The 90-strong list will be whittled down to a shortlist of about 6 books in late May, with an announcement in June. The prize-winner will be revealed in July. Meet the Indians in the fray:

A Fistful of Earth and Other Stories, Siddhartha Gigoo
Author Siddhartha Gigoo is having a great year. First, one of his stories – The Umbrella Man – from this won the Asia regional prize in the 2015 Commonwealth Short Story Award. And now, the anthology itself has made it to the 2015 Frank O’Connor Short Story Longlist.

The stories are varied, but they follow a shared theme: the inability to control one’s life. A researcher uncovers bizarre secrets about a dying clan, a perfectly normal municipal commissioner suddenly goes mad, two inmates who share a love for chess are unable to escape from a prison even after it is not a prison anymore, and a refugee traverses through time to find a lost friend. Gigoo’s prose is simple and straightforward; he seamlessly weaves in themes of exile, conflict and loneliness into stories that don’t despair but offer slivers of hope.

Teresa’s Man and Other Stories from Goa, Damodar Mauzo
The Sahitya Akademi award winning Konkani author Damodar Mauzo writes about everyday people and their simple lives in Teresa’s Man and Other Stories from Goa. A helpless farmer who must sacrifice his beloved animals to survive through poverty, the parents of a differently abled child and their efforts to put together a normal and embarrassment-free birthday celebration for him, a woman who is forced to concur with the wishes of her husband and mother-in-law, and eleven others.

Translated from Konkani into English by Xavier Cota, the stories bring to light the nature of human relationships that change with time, and the emotions and challenges that give rise to dilemmas of everyday life. Mauzo worked on the collection over several decades and the fiction is set in a Goa of the 1970s, still untouched by commercial tourism.

Passion Flower: Seven Stories of Derangement, Cyrus Mistry
The DSC Prize winning author Cyrus Mistry’s first collection of seven short stories reveals a side of human psyche that is dark and crudely real. Mistry plays with household elements like prejudice, suspicion and insecurity to stitch together stories that seem strangely familiar, as if we’ve all been witness to them before, but have been trying to avoid them all along.

A 34-year-old man whose life changes after he encounters a ghost in the washroom of a public library, a young mother who’s going mad between the demands of a newborn baby and a supposedly cheating husband, a story of two childhood friends who are now rivals at work, a man obsessed with finding everything about an elusive species of Passiflora, and several other tales. Morbid and real, the stories are compelling and precise, just like short fiction is supposed to be.

Don’t Let Him Know, Sandip Roy
Journalist and writer Sandip Roy’s debut book of short fiction is one that revolves around the theme of family and homosexuality. The stories are interconnected to each other and revolve around the lives of the Mitras – Avinash Mitra is a closeted gay man who keeps this fact hidden from his wife, Romola, for the longest time. What he doesn’t know is that Romola is fully aware of his orientation and preferences, but remains silent by choosing to ignore what she knows. Their son Amit later finds out through a decade-old letter the truth about his father. Betrayal is another of the strong themes that hovers like a bad omen and secrets have a life of their own.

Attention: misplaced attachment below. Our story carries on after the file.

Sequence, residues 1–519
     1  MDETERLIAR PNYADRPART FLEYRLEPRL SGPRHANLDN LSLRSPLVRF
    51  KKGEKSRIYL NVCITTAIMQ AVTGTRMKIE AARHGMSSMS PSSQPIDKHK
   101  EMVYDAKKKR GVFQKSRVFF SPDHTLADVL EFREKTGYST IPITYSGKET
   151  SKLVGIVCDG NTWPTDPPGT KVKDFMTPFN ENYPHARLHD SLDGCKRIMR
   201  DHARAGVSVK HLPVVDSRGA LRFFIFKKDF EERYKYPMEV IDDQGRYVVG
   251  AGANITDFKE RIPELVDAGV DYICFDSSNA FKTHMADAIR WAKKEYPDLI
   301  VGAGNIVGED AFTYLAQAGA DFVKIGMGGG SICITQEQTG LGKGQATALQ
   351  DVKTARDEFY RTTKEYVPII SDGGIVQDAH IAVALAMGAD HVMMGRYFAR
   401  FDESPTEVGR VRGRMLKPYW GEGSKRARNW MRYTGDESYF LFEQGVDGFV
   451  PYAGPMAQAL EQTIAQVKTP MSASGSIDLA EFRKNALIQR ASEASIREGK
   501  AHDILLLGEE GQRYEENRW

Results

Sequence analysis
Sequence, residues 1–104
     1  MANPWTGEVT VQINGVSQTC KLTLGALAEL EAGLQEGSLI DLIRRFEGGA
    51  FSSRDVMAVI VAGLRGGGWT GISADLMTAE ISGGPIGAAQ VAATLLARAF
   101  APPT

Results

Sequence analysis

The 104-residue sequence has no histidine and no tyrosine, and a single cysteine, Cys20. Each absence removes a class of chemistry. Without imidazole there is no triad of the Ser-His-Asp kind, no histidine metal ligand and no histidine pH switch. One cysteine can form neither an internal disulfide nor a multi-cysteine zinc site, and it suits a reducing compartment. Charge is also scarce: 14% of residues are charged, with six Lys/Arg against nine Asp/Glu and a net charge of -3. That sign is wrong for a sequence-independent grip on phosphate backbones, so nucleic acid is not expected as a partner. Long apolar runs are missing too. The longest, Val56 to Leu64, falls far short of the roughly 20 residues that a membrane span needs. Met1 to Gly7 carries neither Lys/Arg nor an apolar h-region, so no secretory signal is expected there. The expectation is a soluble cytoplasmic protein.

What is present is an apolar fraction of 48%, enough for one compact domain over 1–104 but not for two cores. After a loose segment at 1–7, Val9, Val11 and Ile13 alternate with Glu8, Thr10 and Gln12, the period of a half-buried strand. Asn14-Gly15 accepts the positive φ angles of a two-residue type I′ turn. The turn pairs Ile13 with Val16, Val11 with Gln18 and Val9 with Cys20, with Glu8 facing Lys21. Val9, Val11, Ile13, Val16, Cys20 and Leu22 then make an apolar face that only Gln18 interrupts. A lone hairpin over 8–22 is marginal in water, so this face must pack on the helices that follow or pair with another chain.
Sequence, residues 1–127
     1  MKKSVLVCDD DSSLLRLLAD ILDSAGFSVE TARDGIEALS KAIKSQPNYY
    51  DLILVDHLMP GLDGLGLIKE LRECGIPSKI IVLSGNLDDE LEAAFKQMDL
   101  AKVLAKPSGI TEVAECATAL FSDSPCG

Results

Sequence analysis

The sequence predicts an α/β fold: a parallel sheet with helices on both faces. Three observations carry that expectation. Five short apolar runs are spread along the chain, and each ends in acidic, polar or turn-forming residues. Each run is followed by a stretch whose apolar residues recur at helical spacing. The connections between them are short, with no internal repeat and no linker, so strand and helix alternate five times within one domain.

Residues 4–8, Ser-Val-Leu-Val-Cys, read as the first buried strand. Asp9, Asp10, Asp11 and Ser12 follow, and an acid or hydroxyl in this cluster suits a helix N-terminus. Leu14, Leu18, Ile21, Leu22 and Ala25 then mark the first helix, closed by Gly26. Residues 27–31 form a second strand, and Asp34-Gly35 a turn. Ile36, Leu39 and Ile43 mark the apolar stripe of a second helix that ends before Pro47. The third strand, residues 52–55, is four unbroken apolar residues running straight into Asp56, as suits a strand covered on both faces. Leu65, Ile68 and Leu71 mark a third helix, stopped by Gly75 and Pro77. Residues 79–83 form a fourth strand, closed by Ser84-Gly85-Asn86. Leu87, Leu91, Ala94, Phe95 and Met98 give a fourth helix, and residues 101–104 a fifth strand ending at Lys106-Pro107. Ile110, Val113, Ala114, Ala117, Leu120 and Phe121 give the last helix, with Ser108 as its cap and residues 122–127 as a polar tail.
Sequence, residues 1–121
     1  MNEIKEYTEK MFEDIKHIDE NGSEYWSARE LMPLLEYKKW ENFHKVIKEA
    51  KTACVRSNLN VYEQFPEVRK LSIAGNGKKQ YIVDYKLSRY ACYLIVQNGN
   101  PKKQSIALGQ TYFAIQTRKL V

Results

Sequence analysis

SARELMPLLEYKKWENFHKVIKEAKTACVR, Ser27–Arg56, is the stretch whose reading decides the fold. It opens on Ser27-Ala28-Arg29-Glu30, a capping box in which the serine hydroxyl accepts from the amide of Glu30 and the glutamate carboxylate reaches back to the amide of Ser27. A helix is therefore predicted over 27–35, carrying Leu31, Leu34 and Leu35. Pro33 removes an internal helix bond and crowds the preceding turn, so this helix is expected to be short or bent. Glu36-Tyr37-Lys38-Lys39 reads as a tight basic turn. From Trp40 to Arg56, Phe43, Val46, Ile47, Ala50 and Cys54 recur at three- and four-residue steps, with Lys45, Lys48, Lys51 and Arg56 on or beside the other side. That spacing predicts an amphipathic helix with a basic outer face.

Conversation in and about Urdu


Published on 19 September, 2014 in Mint

A series of book reading and discussion sessions, New Urdu Writings begins in the Capital

Among the many casualties of the Partition of 1947, Urdu too has suffered. Many mistakenly believe that Urdu was the language of a particular community only. Urdu has shrunk in importance in India, becoming a language of the ghazal and the musical soirée.

Rakhshanda Jalil

Rakhshanda Jalil

In an attempt to revive what’s lost, writer and literary historian Rakhshanda Jalil is initiating a monthly book-based series called “New Urdu Writings”, which will focus on fresh writings in Urdu literature. Launched in collaboration with Oxford bookstore and Jalil’s organization Hindustani Awaaz, the series will start in the Capital on 23 September.

“There is more to the language than just ghazal and there is more to the ghazal than shama-parwana-bulbul. I want people to uncover the range of subjects and the eclectic nature of Urdu writings and writers. The idea is to introduce new Urdu literature to the audiences,” says Jalil. The first session of the series will see Jalil moderating a conversation between noted poet Farhat Ehsas and modernist writer and novelist Khalid Jawed, who specializes in magic realism writing in Urdu. The discussion will be centred on Jawed’s new novel, Nematkhana, followed by a reading from the book by writer-artiste Mahmood Farooqui.

Today, the number of people who read Urdu is shrinking and mostly people access Urdu through translations in English or transliterations into the Devnagiri script. But Jalil believes translations are necessary evil. “Much of what we consider world classics have come to us through translations: the Greek epics, the works of Russian masters, the complex stories of Márquez and Proust have all come to us because they were written in other languages. The world of literature would be a lesser place if it were not for translations. Of course, there is an inevitable loss in translation but sometimes the quality of the original work is such that, in the hands of a skilled translator, it soars intact and reaches across to the reader in another language,” she says.